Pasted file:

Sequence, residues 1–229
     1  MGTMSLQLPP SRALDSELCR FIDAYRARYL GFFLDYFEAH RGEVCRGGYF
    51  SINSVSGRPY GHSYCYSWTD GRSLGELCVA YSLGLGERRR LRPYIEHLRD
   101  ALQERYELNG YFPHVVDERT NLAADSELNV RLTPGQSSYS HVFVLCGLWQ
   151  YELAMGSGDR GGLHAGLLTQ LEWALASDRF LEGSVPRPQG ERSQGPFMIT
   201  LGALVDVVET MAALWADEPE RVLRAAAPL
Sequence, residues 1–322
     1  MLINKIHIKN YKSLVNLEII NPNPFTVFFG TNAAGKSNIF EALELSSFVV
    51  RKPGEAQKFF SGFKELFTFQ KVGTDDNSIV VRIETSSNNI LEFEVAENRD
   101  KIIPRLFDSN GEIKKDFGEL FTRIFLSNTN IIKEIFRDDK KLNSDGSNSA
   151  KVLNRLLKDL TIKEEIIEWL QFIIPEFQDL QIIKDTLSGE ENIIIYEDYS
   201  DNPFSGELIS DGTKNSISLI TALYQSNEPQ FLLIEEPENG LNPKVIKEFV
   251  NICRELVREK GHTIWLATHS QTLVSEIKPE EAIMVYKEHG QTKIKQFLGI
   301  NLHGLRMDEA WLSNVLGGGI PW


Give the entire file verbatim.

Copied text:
Sequence, residues 1–229
     1  MGTMSLQLPP SRALDSELCR FIDAYRARYL GFFLDYFEAH RGEVCRGGYF
    51  SINSVSGRPY GHSYCYSWTD GRSLGELCVA YSLGLGERRR LRPYIEHLRD
   101  ALQERYELNG YFPHVVDERT NLAADSELNV RLTPGQSSYS HVFVLCGLWQ
   151  YELAMGSGDR GGLHAGLLTQ LEWALASDRF LEGSVPRPQG ERSQGPFMIT
   201  LGALVDVVET MAALWADEPE RVLRAAAPL
Sequence, residues 1–322
     1  MLINKIHIKN YKSLVNLEII NPNPFTVFFG TNAAGKSNIF EALELSSFVV
    51  RKPGEAQKFF SGFKELFTFQ KVGTDDNSIV VRIETSSNNI LEFEVAENRD
   101  KIIPRLFDSN GEIKKDFGEL FTRIFLSNTN IIKEIFRDDK KLNSDGSNSA
   151  KVLNRLLKDL TIKEEIIEWL QFIIPEFQDL QIIKDTLSGE ENIIIYEDYS
   201  DNPFSGELIS DGTKNSISLI TALYQSNEPQ FLLIEEPENG LNPKVIKEFV
   251  NICRELVREK GHTIWLATHS QTLVSEIKPE EAIMVYKEHG QTKIKQFLGI
   301  NLHGLRMDEA WLSNVLGGGI PW